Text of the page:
The harmonious business: why producing the best music isn’t just about playing the same tune

Last night we (that is, Ely Sinfonia) had our first rehearsal for our concert on March 3rd (Ely Cathedral, 7.30pm, by the way). How it panned out reminded me very much of the issues facing a lot of businesses.

The first thing we did was play right through Britten’s “The Young Person’s Guide to the Orchestra”. It was recognisable, but little short of cacophony.

Then the conductor began to take it apart. Section by section, we got our fingers round the notes and started to piece together the various tunes we were trying to play. And as we became more familiar with our own parts, we started to hear what was going on in other parts of the orchestra and to adjust our own playing to fit in. Sometimes one part had the main tune, sometimes another – occasionally even my own section, the violas. In places my desk partner and I had different notes to play: that, in particular, is when you realise that playing in harmony involves not just pitching the note correctly, but also moderating your tone and even the way your bow moves across the strings to create the right kind of sound. Suddenly, the orchestra was playing as one and producing really wonderful music.

Running a business can be much the same. For the musical score, read strategy. You can have an excellent vision, mission and goals and everyone in the business may know what they are but, on its own, they don’t make for success. You can have a wonderful marketing strategy and tell the whole world about your business, but unless the product matches your customers’ expectations, it won’t make for long-term success.

Similarly, each department or work group in a business can be likened to the different sections of an orchestra; the individuals are equivalent to the different players; the processes or activities undertaken in a business are like the techniques used by members of the orchestra to play their instruments. Each individual or department can be operating excellently, but it doesn’t always mean that the business will hang together as an entity.

How can this happen? Just because an activity is being done perfectly doesn’t meant that it is necessarily right for the rest of the business. In an orchestra, the whole effect can be spoiled by someone playing beautiful notes, but too loudly or in the wrong place. Similarly, one person or department in a business can undermine all the others, not simply because the wrong things are being done, but possibly because the right things are being done in the wrong way or at the wrong time.

That’s where a good business operations strategy can help. It treats the business as a complete system in which every person and activity needs to contribute in the right way at the right time. So next time you have a problem in your business, don’t look at it in isolation. It could be that you have found a symptom of something going on elsewhere. If you can find the cause and put that right, you may well find that you suddenly unblock the whole system and the whole business begins to operate far more smoothly – bringing success closer more quickly: a symphony, if you like, that’s really worth playing.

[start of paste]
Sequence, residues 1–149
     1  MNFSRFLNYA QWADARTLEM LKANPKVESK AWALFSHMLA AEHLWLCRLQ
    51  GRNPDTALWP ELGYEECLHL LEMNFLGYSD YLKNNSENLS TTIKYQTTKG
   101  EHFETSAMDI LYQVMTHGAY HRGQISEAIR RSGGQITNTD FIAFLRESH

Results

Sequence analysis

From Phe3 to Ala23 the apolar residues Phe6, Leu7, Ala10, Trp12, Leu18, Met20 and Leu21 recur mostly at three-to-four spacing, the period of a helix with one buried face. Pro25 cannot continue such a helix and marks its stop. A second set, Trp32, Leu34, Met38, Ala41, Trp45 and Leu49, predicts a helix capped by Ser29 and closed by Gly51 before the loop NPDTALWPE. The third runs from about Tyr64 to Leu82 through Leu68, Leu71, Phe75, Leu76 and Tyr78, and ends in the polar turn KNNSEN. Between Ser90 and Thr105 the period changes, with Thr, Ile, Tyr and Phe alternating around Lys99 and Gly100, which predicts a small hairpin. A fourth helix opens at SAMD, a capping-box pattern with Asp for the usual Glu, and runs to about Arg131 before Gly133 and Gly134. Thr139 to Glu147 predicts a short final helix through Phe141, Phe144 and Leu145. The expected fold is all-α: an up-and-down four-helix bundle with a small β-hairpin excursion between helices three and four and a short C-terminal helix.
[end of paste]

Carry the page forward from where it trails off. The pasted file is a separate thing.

A Question of Succession

This week, when we are celebrating the Queen’s diamond jubilee, I am thinking about succession. Not just the royal succession, but the whole question of passing on the reins from one generation to the next. It’s important in families – and even more so in business.

As my father says, things change and he reckons it’s not always for the better. “The country has gone to the dogs,” he says. “It’s never been the same since they got rid of the British Empire.”

I have to say, Dr Who aside, the idea of going back to pre-war times doesn’t much appeal to me, or even to my own schooldays. My schoolteachers were a pretty austere lot, most of whom believed that under no circumstances should you ever give kids the slightest hint of praise.

Nonetheless, they managed to give us a healthy respect for what went before: our elders, their values and what they had managed to do in their lives; which makes it quite strange that the next generation have a very different set of values and lifestyles to their parents’.

Now I know that teenagers are almost compelled to be interested in nothing but themselves, but nonetheless, it gets me thinking. If they don’t put any value on Aunt Grace’s collection of china ornaments or the fact that uncle Fred was the champion runner of the world, who is going to remember any of us, or to value our few possessions or the few things we’ve achieved after we’ve gone?

And if it’s true about one’s life and home, it’s an even greater problem for people who’ve built up businesses. The years of work represent to them not just their greatest accomplishments, but also, more often than not, their pensions.

Actually, it’s a question of trust and that is why it’s really important to think about succession planning early enough to do something about it. There’s a whole generation of women whose state pensions keep disappearing over the horizon just when they seem to be within grasp – why don’t they all make themselves redundant and spend the next few years on unemployment benefit: they are fully paid up, after all? But them apart, retirement seems to creep up unexpectedly on most people.

It’s particularly difficult if you have built your business on the back of your own expertise, albeit with people in support roles. I can think of a few people who are highly skilled in their fields, but have no one to pass their businesses on to when they want to stop work. Without them their businesses cannot function and nor are they worth anything, so there is nothing to sell.

Being able to learn is a privilege of being human; and being able to teach the next generation is a privilege of being an expert. So as early as you can, think about how you are going to pass on your knowledge and expertise. Set up a process or series of processes to allow you to build a team of younger people who are not only technical experts, but also leaders, and who you will trust to run the business when you are no longer in a position to do so. Only don’t follow the shareholders of the big banks and allow them to line their own pockets rather than continue to build the business.

Then, one day, you will be able to take things more easily in the knowledge that your pension is secure.